Warren County Historical Society Presents …

“REWIND”

March 16, 2014

Cover of Warrensburg History Book.

Cover of Warrensburg History Book.

In 2013, Warren County celebrated their bicentennial.  Just one month before Warren County was formed, the Town of Warrensburg was established, so they, too, celebrated their own birthday in 2013.  In celebration of their 200th year, members of the Warrensburgh Historical Society and Town Historian, Sandi Parisi, published a book, WARRENSBURG NEW YORK, 200 YEARS of People, Places and Events.  This fascinating historical look at Warrensburg history is in encyclopedic format with entries researched and written by many members of the Warrensburgh Historical Society.  We would encourage anyone interested in local history to contact the Warrensburgh Historical Society to get your own copy at P.O. Box 441, Warrensburg, New York  12885 or whs7396@yahoo.com, or by calling Mrs. Parisi at 518-623-5153.

The material for this article came from the new Warrensburg history book, Warrensburg, New York, 200 Years of People, Places and Events and Turn-of-the-century Scrapbook of Jonathan Streeter Gates by William Preston Gates.

The Trolley Comes to Warrensburg:  Trolley Car No. 33

At the end of the nineteenth century, several stage lines operated in and out of Warrensburg.  Roswell B. Kenyon operated the Warrensburg to Glens Falls line.  The ride took 90 minutes and delivered passengers to Lake George where they could then take the train to Glens Falls.  It also met passengers in Lake George who were taking the 90 minute ride back to Warrensburg.

George T. Lockwood operated the Blue Line stage which shuttled passengers to Thurman Station where they would connect with the Delaware & Hudson Railroad after a 55 minute ride.  Lockwood also ran a second stage line from Warrensburg to Glens Falls for a ride that, like Mr. Kenyon’s, lasted 90 minutes as well.  Passengers boarding the train at Thurman Station were headed to Saratoga Springs and other points south.

In 1901 the Hudson Valley Railway was formed when many of the upstate rail companies consolidated.  The Warren County Railway, Stillwater and Mechanicville Street Railway Company, Greenwich and Schuylerville Electric Railroad, Saratoga Traction Company, Saratoga Northern Railway, and the Glens Falls, Sandy Hill, and Fort Edward Street Railroad Company all came together to operate under the Hudson Valley Railway Company.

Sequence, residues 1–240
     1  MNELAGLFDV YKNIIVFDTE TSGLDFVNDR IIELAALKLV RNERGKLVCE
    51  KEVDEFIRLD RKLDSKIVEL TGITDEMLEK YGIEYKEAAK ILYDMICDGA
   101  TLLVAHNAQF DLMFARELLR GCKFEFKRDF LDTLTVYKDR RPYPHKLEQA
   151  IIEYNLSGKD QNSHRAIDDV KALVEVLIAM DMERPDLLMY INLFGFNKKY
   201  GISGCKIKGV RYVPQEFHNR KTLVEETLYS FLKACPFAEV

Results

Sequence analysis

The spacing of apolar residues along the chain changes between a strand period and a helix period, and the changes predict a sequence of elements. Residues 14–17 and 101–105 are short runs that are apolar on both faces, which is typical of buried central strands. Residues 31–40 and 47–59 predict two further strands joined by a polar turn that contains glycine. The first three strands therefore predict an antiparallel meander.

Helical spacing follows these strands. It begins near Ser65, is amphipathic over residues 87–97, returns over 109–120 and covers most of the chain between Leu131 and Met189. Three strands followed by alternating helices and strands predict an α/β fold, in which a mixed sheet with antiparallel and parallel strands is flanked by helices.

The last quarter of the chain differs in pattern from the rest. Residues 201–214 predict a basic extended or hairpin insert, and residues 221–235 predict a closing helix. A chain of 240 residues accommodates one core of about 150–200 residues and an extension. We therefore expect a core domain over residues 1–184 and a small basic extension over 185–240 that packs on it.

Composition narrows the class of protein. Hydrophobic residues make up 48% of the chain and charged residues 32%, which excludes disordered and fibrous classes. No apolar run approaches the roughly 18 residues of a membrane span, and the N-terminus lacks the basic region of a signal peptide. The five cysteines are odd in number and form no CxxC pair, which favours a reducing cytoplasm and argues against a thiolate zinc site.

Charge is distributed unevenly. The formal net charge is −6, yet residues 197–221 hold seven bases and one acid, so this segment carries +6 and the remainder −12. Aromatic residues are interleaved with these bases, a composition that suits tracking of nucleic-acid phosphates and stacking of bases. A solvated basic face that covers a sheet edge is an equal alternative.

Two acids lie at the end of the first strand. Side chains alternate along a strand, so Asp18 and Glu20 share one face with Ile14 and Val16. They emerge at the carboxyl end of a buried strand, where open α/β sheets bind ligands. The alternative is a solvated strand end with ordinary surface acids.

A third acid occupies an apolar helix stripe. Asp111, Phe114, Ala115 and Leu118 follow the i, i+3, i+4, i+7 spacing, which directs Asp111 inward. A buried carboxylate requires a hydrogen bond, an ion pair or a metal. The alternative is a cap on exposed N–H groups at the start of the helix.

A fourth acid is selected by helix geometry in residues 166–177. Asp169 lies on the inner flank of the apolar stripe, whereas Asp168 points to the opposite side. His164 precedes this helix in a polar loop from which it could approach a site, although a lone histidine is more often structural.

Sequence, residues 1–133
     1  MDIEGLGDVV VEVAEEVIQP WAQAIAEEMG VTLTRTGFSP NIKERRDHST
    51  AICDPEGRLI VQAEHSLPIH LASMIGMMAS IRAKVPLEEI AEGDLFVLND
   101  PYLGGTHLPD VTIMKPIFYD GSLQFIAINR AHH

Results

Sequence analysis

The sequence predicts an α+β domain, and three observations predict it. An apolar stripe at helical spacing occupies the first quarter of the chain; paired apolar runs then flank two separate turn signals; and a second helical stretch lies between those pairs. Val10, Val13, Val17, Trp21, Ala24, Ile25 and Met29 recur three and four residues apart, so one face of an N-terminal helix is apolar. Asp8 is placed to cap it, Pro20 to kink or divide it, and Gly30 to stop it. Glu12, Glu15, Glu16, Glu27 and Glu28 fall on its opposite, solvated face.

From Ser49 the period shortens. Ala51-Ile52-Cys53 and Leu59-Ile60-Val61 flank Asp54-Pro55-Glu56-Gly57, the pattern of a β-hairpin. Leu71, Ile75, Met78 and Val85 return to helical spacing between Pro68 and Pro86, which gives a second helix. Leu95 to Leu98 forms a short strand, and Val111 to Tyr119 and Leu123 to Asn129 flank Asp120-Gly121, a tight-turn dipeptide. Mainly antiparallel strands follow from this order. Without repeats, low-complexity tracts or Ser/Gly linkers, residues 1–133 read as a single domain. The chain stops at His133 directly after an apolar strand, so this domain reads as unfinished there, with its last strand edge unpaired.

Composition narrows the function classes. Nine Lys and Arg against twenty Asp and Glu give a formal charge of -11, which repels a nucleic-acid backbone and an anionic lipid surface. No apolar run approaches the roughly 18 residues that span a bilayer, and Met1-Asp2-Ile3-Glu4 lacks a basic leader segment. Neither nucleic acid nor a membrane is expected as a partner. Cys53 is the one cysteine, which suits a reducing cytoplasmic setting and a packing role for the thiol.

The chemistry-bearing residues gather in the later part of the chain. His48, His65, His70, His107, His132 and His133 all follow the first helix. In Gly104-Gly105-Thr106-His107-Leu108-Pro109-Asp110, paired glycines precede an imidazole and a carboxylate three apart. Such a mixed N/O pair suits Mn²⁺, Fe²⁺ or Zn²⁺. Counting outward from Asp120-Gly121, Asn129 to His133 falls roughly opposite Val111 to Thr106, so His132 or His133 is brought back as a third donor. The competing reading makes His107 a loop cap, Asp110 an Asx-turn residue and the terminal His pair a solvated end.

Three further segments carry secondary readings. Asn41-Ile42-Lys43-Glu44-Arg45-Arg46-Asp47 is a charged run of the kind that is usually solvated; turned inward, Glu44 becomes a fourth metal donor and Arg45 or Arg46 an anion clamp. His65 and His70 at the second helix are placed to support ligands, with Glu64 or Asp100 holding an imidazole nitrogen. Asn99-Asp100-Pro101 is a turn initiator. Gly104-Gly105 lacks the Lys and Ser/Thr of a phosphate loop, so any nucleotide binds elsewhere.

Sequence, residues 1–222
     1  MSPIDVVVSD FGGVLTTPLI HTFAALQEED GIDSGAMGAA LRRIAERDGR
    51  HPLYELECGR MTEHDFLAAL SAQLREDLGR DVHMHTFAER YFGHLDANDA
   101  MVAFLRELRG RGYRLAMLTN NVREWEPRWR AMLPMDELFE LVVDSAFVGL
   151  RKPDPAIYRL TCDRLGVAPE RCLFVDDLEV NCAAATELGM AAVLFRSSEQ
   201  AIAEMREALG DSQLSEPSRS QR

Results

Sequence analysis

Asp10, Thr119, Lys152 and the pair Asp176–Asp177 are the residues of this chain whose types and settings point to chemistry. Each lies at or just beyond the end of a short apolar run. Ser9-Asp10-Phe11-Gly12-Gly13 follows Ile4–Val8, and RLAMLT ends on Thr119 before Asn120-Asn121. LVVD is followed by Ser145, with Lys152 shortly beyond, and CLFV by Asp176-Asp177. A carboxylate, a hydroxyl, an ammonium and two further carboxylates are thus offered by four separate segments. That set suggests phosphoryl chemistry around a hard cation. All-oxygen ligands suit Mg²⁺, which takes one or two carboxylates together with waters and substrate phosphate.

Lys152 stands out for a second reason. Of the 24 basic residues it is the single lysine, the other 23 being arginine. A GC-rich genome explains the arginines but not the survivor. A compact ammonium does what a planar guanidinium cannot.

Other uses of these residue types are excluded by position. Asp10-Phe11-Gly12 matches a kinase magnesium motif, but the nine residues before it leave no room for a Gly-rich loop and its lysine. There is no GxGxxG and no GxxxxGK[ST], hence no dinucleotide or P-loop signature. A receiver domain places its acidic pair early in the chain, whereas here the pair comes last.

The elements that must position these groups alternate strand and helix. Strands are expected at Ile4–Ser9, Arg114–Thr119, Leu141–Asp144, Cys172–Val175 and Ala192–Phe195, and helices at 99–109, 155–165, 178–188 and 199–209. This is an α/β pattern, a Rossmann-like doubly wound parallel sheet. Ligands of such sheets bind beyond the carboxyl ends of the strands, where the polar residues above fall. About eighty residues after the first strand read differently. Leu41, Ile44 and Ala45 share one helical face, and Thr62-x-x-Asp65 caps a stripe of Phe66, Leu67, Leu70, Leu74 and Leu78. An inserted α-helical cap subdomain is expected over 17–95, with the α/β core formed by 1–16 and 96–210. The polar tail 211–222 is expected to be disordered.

The Auto Stage outside the Grand Army House in 1914. Around 1912, the Auto Stage Lines were started to connect Warrensburg to nearby communities. Service continued into the 1930s. It proved to be an important link between Thurman and Warrensburg, connecting the D & H rail line for passengers and mail. Photo courtesy of John Hastings

The Auto Stage outside the Grand Army House in 1914. Around 1912, the Auto Stage Lines were started to connect Warrensburg to nearby communities. Service continued into the 1930s. It proved to be an important link between Thurman and Warrensburg, connecting the D & H rail line for passengers and mail. Photo courtesy of John Hastings

What follows is an article taken from page 8 of Jonathan Streeter Gates’ collection:  Turn-of-the-century Scrapbook.  Note that it is dated Dec. 24th 1901 in Mr. Gates’ hand:

Newspaper article courtesy of William P. Gates.

Newspaper article courtesy of William P. Gates.

Warrensburg benefited from this consolidation when, in 1902, trolley service from Glens Falls to Warrensburg was started.  The service lasted from January1902-December 1927.  One could take the trolley from Warrensburg and end up in Troy, Albany and Schenectady.  The cost for a roundtrip ticket from Warrensburg to Schenectady was $3.00 in 1923.